Regulatory Process Matters

Regulatory Assessment

These guidelines are issued to provide guidance to the Department of Justice and the Department of Transportation in establishing alternate specifications for new construction and alteration of building elements designed for use by children in facilities covered by titles II and III of the ADA. The standards established by the Department of Justice and the Department of Transportation must be consistent with these guidelines.

Under Executive Order 12866, the Board must determine whether these guidelines are a significant regulatory action. The Executive Order defines a "significant regulatory action" as one that is likely to result in a rule that may:

"(1) Have an annual effect on the economy of $100 million or more or adversely affect in a material way the economy, a sector of the economy, productivity, competition, jobs, the environment, public health or safety, or State, local, or tribal governments or communities;

(2) Create a serous inconsistency or otherwise interfere with an action taken or planned by another agency;

(3) Materially alter the budgetary impact of entitlements, grants, user fees, or loan programs or the rights and obligations of recipients thereof; or

(4) Raise novel legal or policy issues arising out of legal mandates, the President's priorities, or the principles set forth in the Executive Order.

For significant regulatory actions that are expected to have an annual effect on the economy of $100 million or more or adversely affect in a material way the economy, a sector of the economy, productivity, competition, jobs, the environment, public health or safety, or State, local or tribal governments or communities, a written assessment must be prepared of the costs and benefits anticipated from the regulatory action and any potentially effective and reasonably feasible alternatives of the planned regulation. As discussed in more detail in General Issues and the Section-by-Section analysis above, the final rule addresses elements used primarily by children and is limited to water closets, toilet stalls, lavatories and mirrors, toilet rooms, sinks and seating and tables. Elements covered by this rule are already subject to the scoping and technical provisions of ADAAG. The scoping and technical requirements for these elements in the final rule are addressed as alternatives to existing requirements which are based on adult specifications. These alternative specifications for elements used primarily by children are permitted as an exception to the adult specifications. As such, the application of the specifications for elements used primarily by children is discretionary, not mandatory. The Board has determined that this final rule does not meet the criteria for a significant rule under paragraph (1) above in that it will not have an annual effect on the economy of $100 million or more or adversely affect in a material way the economy, a sector of the economy, productivity, competition, jobs, the environment, public health or safety, or State, local, or tribal governments or communities. Because the final rule does not meet the criteria under paragraph (1) above, a regulatory assessment has not been prepared.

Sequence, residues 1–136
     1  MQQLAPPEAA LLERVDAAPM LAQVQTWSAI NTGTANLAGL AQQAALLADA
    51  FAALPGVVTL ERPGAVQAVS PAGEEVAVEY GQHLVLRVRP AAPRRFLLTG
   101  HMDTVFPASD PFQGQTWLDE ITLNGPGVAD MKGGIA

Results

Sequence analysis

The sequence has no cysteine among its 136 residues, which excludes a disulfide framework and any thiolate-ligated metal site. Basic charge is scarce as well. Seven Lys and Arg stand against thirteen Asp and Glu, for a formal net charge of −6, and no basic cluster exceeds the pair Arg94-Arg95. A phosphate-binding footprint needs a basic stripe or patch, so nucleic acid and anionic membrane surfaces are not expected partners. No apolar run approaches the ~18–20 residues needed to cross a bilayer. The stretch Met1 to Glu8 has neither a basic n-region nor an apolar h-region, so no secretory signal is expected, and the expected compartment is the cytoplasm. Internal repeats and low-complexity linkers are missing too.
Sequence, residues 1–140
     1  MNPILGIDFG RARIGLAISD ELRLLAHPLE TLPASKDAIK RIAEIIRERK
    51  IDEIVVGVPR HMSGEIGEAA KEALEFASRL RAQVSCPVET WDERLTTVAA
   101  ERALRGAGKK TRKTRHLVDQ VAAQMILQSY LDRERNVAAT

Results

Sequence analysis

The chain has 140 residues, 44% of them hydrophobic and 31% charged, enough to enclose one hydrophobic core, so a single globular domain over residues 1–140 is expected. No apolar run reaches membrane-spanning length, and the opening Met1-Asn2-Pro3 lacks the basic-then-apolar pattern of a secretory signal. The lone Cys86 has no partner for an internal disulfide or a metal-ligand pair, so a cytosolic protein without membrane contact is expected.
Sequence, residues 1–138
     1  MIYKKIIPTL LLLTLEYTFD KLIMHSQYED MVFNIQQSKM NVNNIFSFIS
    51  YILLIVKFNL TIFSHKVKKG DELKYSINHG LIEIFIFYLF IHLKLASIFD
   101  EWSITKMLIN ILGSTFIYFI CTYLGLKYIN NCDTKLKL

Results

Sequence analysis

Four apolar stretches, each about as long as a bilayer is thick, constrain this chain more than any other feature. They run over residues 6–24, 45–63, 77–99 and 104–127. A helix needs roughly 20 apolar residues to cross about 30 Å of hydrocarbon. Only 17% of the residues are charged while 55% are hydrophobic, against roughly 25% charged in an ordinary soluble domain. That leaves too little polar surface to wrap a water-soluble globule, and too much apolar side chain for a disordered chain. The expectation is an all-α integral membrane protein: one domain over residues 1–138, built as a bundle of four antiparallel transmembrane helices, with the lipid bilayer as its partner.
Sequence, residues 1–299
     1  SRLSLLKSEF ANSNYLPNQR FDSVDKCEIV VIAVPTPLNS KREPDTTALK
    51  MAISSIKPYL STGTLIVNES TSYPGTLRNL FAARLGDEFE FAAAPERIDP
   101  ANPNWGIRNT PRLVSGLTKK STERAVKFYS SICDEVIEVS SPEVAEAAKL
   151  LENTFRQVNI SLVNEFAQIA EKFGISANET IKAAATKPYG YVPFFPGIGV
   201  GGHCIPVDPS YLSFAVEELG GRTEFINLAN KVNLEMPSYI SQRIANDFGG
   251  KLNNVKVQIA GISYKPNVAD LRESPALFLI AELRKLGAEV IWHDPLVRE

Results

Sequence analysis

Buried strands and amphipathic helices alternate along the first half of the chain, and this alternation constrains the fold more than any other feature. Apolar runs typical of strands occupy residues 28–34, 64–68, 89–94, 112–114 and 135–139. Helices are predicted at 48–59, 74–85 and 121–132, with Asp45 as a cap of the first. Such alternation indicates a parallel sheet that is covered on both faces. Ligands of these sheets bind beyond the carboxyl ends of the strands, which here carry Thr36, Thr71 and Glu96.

The Board and the Office of Management and Budget (OMB) have, however, determined that this final rule meets the other criteria for a significant regulatory action (i.e., the final rule raises novel, legal or policy issues arising out of legal mandates), and OMB has reviewed the final rule.

The guidelines adhere to the principles of the Executive Order. The Board distributed the proposed rule to state departments of education and education associations, the state building code authorities, and other responsible agencies of the 50 states to seek their review and comment. Those comments were carefully analyzed and the major issues discussed in the Section-by-Section analysis above.

Regulatory Flexibility Act Analysis